>
> With all that said is there anything I might have missed? Any miracle
> vaccine? I understand there is a risk now that my cat could be infected
> but what is that risk rate? What percentage of city cats are infected?
> What is the rate of transmission?
>
> I feel like the world's biggest idiot so I appreciate any information
> you can provide. Thanks so much.
>

IDzine01
October 31st 06, 08:41 PM
Wendy wrote:
> The stray sounds like it's a previously owned cat that might have gotten
> lost. His thin build is more likely to be as a result of a previously indoor
> cat being clueless when it comes to surviving outdoors than him having
> contracting FIV or FeLV in less time outside than it takes to lose the
> collar.

I was considering that myself. He didn't show any interest in food
while he was with me and even though he appeared to be relaxed (purring
and playing with poofy balls) who knows, he still could have been too
stressed to eat or just uninterested in food.

>The best thing you can do for your cat is to stay calm and don't
> stress him/her for the 4 days the shelter is taking to get back a test
> result.

Noted. Stop sobbing on the cat... will do.

>Don't know why it's going to take 4 days to get a test result that
> takes less than 20 minutes.

Dunno. It sounded like she was just throwing out a number. He very well
could have been tested today. Maybe I will call anyway. I hope this
kitty finds a good home. I asked the officer to call me back if kitty
isn't adopted and faces euthanization. She said there were no
guarantees because it was up to the director to make the decision.
This, of course, made me question if I had done the right thing after
all. How is it one minute I can be this advocate for animals and the
next minute I can be this horrible cat-killer. (Exposing my cat to
deadly viruses and sending an innocent off with Team Euthanasia.)

I feel like sobbing again... where's my kitty?

Wendy
October 31st 06, 11:00 PM
"IDzine01" > wrote in message
oups.com...
>
> Wendy wrote:
>> The stray sounds like it's a previously owned cat that might have gotten
>> lost. His thin build is more likely to be as a result of a previously
>> indoor
>> cat being clueless when it comes to surviving outdoors than him having
>> contracting FIV or FeLV in less time outside than it takes to lose the
>> collar.
>
> I was considering that myself. He didn't show any interest in food
> while he was with me and even though he appeared to be relaxed (purring
> and playing with poofy balls) who knows, he still could have been too
> stressed to eat or just uninterested in food.
>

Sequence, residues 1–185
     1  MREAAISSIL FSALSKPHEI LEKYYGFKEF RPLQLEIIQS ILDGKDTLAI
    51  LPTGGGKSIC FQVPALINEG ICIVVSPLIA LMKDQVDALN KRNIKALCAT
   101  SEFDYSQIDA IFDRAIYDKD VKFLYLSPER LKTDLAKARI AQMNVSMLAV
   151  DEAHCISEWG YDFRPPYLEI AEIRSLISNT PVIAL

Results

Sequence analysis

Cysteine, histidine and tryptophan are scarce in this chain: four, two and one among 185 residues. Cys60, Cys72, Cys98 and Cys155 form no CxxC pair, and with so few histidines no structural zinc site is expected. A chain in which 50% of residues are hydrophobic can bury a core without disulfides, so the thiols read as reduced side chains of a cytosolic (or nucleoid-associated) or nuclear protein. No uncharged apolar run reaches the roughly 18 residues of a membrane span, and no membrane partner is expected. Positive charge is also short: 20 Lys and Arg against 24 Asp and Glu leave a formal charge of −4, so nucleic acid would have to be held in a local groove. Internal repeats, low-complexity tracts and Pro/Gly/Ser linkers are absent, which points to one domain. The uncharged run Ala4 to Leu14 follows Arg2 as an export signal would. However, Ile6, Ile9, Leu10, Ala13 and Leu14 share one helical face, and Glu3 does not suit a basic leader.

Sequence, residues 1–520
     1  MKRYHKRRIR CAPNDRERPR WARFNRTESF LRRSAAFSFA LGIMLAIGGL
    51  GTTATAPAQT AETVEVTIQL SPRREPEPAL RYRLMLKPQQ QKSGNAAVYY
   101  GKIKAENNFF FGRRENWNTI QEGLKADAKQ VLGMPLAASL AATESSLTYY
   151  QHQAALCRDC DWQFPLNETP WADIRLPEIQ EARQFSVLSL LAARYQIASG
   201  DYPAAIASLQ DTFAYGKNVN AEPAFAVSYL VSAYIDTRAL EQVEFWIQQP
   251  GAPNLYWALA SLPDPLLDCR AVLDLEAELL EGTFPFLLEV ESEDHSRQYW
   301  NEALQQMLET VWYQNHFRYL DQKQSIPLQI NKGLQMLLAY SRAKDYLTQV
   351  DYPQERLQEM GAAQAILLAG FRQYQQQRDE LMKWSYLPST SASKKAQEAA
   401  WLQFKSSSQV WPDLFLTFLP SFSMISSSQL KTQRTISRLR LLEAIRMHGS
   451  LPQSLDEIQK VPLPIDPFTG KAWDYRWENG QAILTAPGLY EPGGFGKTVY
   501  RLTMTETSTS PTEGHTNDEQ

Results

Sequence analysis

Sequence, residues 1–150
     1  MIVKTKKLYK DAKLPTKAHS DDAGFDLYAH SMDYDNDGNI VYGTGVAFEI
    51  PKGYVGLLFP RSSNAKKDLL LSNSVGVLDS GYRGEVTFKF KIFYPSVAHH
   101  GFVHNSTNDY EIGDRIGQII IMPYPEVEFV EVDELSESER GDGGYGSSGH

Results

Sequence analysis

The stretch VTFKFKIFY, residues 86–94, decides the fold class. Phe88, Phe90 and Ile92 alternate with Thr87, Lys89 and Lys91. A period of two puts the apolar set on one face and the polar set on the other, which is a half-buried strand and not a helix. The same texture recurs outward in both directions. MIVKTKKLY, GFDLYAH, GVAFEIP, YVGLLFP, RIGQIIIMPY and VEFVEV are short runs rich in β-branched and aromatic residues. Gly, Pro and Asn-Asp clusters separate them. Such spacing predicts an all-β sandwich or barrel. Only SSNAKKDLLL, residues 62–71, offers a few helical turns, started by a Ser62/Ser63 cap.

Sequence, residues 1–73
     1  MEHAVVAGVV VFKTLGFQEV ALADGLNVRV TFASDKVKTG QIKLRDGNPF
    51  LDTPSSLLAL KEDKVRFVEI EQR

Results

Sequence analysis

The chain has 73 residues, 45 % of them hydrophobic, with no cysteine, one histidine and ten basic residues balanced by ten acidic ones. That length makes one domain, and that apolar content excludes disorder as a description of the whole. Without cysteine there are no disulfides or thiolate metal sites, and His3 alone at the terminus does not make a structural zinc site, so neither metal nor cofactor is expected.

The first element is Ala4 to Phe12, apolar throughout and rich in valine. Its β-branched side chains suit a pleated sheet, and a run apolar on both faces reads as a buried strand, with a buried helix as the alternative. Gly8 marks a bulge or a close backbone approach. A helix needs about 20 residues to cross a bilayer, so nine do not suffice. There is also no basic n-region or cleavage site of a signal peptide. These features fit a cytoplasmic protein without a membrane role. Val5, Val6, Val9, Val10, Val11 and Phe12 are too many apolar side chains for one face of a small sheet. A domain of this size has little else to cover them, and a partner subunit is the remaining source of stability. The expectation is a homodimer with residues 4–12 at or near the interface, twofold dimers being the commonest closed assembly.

>>The best thing you can do for your cat is to stay calm and don't
>> stress him/her for the 4 days the shelter is taking to get back a test
>> result.
>
> Noted. Stop sobbing on the cat... will do.
>
>>Don't know why it's going to take 4 days to get a test result that
>> takes less than 20 minutes.
>
> Dunno. It sounded like she was just throwing out a number. He very well
> could have been tested today. Maybe I will call anyway. I hope this
> kitty finds a good home. I asked the officer to call me back if kitty
> isn't adopted and faces euthanization. She said there were no
> guarantees because it was up to the director to make the decision.
> This, of course, made me question if I had done the right thing after
> all. How is it one minute I can be this advocate for animals and the
> next minute I can be this horrible cat-killer. (Exposing my cat to
> deadly viruses and sending an innocent off with Team Euthanasia.)
>
> I feel like sobbing again... where's my kitty?
>

Yea, I'd bug them for the test result. You don't want them doing something
stupid like euthanizing the cat and never running the test.

Charlie Wilkes
October 31st 06, 11:12 PM
On 31 Oct 2006 06:14:38 -0800, "IDzine01" >
wrote:

>I'm really worried about my cat now. My neighbor came over last night
>with a really friendly outdoor cat that has been seen in the
>neighborhood over the last few weeks. Random neighborhood people have
>been trying to find the owner but no one has claimed it.It's neutered
>and has a collar. It sat on our porch all day (apt. bldg) so my
>neighbor being allergic asked if I would keep in at my place while she
>called her friend who works at a local shelter. We live in Washington,
>DC and outside is not safe for cats. There are feral colonies, FIV,
>FeLV, stray dogs, lots of cars and other risks. So I set up shop in my
>bathroom where it could be separate from my cat and easily disinfected